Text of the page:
"The almighty dollar will buy you, you bet/ A superior class of coronet:" Biographical Sketches of NJ's Gilded Age "Dollar Princesses"


  • Melissa Ziobro Monmouth University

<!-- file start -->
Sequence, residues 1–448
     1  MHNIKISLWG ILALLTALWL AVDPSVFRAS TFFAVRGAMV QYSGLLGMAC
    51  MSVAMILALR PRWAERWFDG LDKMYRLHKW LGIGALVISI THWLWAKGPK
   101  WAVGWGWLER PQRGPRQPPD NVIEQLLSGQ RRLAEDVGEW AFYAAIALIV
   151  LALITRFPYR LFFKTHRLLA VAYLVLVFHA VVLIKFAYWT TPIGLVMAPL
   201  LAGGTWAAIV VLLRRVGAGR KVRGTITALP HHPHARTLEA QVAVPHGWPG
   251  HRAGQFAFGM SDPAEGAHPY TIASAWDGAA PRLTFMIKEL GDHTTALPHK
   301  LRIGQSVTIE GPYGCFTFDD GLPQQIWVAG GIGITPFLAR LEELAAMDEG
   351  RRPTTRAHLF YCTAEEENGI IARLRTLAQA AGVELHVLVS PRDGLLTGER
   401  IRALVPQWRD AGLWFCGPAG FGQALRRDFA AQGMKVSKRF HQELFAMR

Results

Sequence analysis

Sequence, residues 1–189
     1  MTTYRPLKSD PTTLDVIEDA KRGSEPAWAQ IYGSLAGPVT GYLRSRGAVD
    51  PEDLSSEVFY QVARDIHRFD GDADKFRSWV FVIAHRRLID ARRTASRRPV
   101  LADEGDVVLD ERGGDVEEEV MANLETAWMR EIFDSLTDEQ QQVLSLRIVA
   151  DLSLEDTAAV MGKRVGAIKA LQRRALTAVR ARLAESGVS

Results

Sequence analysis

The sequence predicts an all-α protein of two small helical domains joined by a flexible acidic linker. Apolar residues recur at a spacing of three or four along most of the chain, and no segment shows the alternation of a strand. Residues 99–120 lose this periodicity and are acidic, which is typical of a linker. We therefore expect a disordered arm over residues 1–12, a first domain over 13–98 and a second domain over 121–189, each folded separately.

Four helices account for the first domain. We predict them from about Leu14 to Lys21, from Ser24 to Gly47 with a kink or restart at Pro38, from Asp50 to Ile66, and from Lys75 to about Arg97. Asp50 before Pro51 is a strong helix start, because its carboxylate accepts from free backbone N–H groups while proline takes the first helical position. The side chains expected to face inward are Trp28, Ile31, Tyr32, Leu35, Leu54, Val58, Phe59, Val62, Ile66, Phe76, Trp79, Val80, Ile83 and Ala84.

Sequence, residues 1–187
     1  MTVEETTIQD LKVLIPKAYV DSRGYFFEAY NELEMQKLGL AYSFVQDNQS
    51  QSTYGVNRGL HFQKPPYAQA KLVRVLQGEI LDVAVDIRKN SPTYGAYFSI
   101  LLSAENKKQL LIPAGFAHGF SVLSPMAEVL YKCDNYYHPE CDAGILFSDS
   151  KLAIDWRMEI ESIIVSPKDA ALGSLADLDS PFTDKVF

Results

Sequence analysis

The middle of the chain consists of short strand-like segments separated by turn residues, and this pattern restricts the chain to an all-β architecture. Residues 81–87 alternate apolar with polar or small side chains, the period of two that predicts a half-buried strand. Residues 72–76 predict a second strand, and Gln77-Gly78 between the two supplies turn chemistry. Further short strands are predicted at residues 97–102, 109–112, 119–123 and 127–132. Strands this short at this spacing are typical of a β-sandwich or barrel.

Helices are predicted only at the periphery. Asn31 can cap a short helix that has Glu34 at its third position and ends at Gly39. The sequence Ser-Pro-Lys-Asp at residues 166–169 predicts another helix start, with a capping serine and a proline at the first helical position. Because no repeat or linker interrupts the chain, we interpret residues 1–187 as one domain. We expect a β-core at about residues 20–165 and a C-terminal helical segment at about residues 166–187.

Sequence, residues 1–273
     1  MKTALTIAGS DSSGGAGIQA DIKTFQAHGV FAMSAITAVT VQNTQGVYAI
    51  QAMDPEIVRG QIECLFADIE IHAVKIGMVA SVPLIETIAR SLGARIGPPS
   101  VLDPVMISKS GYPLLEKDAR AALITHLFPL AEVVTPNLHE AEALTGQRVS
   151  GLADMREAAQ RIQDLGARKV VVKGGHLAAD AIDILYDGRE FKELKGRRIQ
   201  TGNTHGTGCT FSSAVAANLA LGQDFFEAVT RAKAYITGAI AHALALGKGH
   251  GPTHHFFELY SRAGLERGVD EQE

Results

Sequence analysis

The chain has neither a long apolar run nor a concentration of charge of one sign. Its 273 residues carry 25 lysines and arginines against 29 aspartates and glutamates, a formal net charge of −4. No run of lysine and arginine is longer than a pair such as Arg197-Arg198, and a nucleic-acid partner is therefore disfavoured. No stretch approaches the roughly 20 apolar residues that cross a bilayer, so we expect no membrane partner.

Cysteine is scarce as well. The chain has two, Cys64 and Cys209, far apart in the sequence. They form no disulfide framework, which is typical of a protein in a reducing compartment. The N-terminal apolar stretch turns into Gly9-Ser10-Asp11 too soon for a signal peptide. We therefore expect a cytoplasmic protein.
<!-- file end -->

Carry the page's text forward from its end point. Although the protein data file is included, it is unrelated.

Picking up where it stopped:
Season one of the acclaimed historical drama Downton Abbey was set in 1912, but a key element of the show’s storyline, known to all dedicated viewers, occurred years earlier, off screen, when a wealthy, young American heiress named Cora Levinson of Cincinnati married the British Robert Crawley, Viscount Downton, the future Earl of Grantham. As part of their marriage contract, Cora’s fortune would be tied to the Grantham family’s failing estate to prevent it from going bankrupt. In return, Cora would eventually earn the title of Countess of Grantham. While Downton Abbey’s Granthams are fictional, the idea of wealthy American heiresses marrying impoverished European noblemen is not. There were by some counts close to 500 of these marriages in the decades between the end of the Civil War and WWI, and several of the brides had ties to NJ. Who were these women? Can we know what motivated them? Did they find happiness? And how did their “loves lives” impact social norms, transatlantic relations, and the U.S. economy?